Funding for quantum projects teams

Louise Smyth

Teledyne e2v has won funding that will enable it and its partners to develop a quantum gravity sensor and a quantum miniature atomic clock that will power future 5G networks and ultra-secure quantum communication technology. 

Led by RSK and in partnership with Teledyne e2v, University of Birmingham and Fraunhofer CAP, this project will build a ground-based quantum gravity sensor to detect voids such as sink holes, pipes, oil deposits and mineshafts. Currently, only 30% of exploratory bore holes drilled to investigate oil and gas deposits are successful providing a specific application in the oil and gas industry. 

KAIROS, a compact caesium atomic clock

Led by Teledyne e2v and in partnership with NPL, Leonardo, Altran, CSC, ICS, HCD Research, Optocap, University of York and Cardiff University, this project will build a compact caesium atomic clock. The applications include critical infrastructure services, such as reliable energy supply, safe transport links, 5G mobile communications, data networks and electronic financial transactions.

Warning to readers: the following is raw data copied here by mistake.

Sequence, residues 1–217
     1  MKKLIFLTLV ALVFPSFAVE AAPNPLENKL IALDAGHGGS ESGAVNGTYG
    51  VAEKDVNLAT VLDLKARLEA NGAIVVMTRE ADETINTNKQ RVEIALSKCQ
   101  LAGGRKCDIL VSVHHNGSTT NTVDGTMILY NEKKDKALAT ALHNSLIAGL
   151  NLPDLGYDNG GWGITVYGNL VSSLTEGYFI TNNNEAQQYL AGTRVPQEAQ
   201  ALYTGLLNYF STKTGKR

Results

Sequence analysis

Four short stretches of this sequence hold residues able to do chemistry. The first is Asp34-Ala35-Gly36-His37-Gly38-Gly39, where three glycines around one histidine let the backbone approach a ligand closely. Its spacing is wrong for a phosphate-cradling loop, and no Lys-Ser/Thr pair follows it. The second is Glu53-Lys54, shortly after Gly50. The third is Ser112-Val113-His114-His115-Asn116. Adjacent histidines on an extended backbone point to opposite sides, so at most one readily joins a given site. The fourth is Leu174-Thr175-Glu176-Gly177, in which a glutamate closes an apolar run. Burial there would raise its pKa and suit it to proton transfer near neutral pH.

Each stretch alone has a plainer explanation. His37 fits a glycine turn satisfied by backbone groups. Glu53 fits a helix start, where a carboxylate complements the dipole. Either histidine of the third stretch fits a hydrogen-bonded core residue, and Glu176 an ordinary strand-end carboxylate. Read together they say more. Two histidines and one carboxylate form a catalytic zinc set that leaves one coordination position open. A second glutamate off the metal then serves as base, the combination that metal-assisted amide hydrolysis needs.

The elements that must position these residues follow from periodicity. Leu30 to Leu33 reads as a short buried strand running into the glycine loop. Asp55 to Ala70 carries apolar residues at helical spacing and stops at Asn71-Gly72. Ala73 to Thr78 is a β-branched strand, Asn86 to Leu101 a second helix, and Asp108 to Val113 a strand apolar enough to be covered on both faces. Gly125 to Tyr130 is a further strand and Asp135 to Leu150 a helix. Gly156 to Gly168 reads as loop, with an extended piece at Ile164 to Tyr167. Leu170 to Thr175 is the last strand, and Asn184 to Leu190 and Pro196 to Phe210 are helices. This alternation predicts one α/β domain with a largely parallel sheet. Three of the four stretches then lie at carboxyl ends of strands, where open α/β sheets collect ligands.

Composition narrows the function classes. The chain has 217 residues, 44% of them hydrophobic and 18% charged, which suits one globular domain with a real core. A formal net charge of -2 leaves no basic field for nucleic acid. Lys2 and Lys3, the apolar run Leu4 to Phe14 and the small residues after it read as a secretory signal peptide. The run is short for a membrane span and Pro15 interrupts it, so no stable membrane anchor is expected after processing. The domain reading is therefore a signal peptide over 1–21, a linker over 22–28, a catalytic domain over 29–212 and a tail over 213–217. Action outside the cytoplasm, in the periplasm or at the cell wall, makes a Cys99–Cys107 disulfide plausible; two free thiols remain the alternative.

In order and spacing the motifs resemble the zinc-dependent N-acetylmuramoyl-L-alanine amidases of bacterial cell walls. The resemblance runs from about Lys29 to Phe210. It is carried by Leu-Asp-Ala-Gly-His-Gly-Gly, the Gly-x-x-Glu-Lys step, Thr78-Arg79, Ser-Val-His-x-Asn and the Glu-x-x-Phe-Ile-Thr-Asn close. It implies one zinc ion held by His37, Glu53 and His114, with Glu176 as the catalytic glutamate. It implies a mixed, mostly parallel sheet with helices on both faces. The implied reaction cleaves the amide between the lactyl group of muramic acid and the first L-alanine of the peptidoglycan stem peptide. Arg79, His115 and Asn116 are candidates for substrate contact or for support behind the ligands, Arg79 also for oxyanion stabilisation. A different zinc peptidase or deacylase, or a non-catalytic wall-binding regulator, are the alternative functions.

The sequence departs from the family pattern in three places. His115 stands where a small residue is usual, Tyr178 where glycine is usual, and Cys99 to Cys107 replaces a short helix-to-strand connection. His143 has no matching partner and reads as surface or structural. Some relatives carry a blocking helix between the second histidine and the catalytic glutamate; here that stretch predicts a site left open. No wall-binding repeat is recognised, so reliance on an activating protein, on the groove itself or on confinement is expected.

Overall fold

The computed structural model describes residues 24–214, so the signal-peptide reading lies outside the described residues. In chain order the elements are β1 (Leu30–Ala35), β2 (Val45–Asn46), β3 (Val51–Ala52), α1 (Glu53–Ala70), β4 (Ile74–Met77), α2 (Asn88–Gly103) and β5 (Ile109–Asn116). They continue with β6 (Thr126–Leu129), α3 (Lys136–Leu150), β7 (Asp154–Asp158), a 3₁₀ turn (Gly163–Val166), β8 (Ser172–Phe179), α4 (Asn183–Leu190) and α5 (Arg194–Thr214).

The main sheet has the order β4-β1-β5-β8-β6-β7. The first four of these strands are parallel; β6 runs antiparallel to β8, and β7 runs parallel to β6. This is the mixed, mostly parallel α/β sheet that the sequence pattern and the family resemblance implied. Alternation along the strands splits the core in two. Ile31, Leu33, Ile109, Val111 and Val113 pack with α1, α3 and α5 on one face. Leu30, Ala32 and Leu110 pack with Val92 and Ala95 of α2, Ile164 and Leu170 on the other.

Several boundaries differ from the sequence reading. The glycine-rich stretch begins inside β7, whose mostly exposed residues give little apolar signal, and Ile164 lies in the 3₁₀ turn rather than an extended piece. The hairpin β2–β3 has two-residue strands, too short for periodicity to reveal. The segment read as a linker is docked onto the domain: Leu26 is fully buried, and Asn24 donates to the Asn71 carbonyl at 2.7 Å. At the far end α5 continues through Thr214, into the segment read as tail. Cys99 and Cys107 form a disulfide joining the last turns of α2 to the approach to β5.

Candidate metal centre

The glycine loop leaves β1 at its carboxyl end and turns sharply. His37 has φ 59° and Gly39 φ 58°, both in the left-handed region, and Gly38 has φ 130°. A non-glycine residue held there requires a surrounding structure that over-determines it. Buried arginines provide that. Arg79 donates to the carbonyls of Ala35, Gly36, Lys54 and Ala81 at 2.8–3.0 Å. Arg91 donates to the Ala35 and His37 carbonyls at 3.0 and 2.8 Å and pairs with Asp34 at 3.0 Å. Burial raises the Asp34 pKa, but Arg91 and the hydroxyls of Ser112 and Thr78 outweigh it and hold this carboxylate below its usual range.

3QN, an optical ground receiver

Led by Arqit in partnership with Teledyne e2v, this will focus on developing a commercially viable optical ground receiver for satellite quantum key distribution (QKD). This provides a way to share tamper-proof encryption keys to guarantee secure communication channels for sensitive information.

Professor Trevor Cross, Chief Technology Officer & Head of Quantum, at Teledyne e2v said: “These quantum projects have the potential to deliver real-world significance.”


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